Therefore, the results on the number CLRs received may be artificially inflated because
the number of referrals without a CLR are removed from the overall calculation.




Page 15                                                 GAO-19-488 TRICARE Prime Referrals
                            identified inaccuracies with these data. 32 For example, we found that
                            several MTFs had closed more direct-to-purchased care referrals than
                            they had issued. Officials with the Referral Management Working Group
                            explained that some MTFs are inaccurately inputting data into RMS. As a
                            result, there are inaccuracies in the Referral Performance Reports, such
                            as referrals that are double counted. Officials said that these MTFs will
                            need to be trained on how to accurately input data into RMS.

                            Officials with each of the military services’ medical commands who
                            participate in the Referral Management Working Group told us that they
                            began taking steps to address their concerns about the reliability of RMS
                            data in an effort to implement the standardized appointment and referral
                            guidance at their MTFs. They have worked with DHA on two updates to
                            RMS—one in March 2018 and one in January 2019—in an effort to
                            address some of these data concerns. 33 In addition, they have been
                            reviewing and discussing data with their MTFs’ referral management
                            center officials, sometimes through their regional officials, on a monthly or
                            quarterly basis to discuss available RMS data, including data on CLRs
                            and closures of referrals, among other things. Further, the military service
                            medical commands are working to help their MTFs obtain more staff to
                            pursue outstanding CLRs. In addition, the medical commands are
                            focused on teaching their MTFs’ referral management center staff to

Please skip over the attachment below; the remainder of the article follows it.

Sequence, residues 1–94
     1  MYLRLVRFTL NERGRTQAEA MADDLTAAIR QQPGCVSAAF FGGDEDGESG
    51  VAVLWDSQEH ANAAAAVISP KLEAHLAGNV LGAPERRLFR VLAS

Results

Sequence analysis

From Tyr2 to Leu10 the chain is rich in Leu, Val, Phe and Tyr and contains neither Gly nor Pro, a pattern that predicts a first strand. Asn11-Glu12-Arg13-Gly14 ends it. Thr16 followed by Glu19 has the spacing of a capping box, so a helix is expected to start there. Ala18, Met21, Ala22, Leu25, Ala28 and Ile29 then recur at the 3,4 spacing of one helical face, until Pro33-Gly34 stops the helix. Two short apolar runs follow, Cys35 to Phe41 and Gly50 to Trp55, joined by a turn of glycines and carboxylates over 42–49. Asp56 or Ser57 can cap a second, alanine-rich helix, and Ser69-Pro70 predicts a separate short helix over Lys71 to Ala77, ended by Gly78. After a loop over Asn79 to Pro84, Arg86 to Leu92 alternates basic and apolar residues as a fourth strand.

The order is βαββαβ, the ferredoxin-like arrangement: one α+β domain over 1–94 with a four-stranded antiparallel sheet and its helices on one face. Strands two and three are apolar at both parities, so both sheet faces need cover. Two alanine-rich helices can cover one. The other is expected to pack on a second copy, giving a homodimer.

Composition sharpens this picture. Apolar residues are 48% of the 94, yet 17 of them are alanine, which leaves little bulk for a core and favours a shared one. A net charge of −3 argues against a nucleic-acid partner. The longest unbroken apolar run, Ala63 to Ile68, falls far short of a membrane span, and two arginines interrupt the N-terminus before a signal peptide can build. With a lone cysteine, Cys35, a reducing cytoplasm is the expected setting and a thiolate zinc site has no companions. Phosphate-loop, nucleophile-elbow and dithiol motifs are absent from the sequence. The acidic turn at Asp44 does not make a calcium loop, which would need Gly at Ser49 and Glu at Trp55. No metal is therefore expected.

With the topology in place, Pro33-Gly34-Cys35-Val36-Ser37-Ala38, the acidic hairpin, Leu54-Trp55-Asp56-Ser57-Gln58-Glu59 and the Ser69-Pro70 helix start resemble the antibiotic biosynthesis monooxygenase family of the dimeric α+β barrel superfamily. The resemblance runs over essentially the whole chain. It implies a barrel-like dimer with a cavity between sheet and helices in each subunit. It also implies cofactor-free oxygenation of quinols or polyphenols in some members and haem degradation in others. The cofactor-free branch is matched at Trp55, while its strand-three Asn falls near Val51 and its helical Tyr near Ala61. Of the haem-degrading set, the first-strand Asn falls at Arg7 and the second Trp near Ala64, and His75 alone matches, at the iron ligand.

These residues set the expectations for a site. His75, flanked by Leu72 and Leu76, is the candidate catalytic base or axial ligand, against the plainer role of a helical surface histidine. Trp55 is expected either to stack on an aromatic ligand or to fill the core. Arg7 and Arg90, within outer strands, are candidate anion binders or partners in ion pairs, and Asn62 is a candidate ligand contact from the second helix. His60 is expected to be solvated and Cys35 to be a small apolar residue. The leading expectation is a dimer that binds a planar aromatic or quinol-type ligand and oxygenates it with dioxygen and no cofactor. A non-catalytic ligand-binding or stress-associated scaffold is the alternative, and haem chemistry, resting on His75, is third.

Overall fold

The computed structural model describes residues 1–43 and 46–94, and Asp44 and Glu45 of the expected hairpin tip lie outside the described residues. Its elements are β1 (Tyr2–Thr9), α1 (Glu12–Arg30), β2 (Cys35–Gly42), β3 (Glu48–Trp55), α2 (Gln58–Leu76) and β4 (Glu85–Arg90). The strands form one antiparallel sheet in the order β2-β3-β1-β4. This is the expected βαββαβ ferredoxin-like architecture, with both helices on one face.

correctly input referrals and avoid inadvertent double counting.


Inadequate Training on      DHA’s initial implementation of MHS Genesis—which will replace RMS
Processing Referrals in     and other systems—did not include adequate training for referral
                            management, resulting in concerns about data reliability. Specifically,
MHS Genesis Has
                            referral management center officials with the four MTFs using MHS
Contributed to Data         Genesis told us that although training was provided on the use of the
Reliability Concerns for    system, this training did not adequately address the use of the system’s
Four Pilot MTFs; Updates    referral management component prior to its deployment. These officials
to the System Are Planned   told us they generally trained themselves and most developed their own
                            training materials on the system, which requires a different referral
                            processing workflow than RMS. This lack of training limited MTFs’ ability
                            to use MHS Genesis to evaluate their performance and led to MTF
                            32
                               The Referral Performance Reports have more than 40 data elements. We reviewed the
                            six elements in the report that related to the closure of direct-to-purchased care referrals
                            and obtaining CLRs.
                            33
                             These updates included improved transmission of data from the Composite Health Care
                            System and updates to beneficiary categories.




                            Page 16                                                GAO-19-488 TRICARE Prime Referrals
officials’ concerns about the reliability of the system’s referral data. For
example, officials at two of the MTFs told us that their staff had not been
provided training on how to aggregate data on the receipt of CLRs even
though MHS Genesis is capable of generating this report. As a result,
their staff manually tracked the receipt of individual CLRs, not only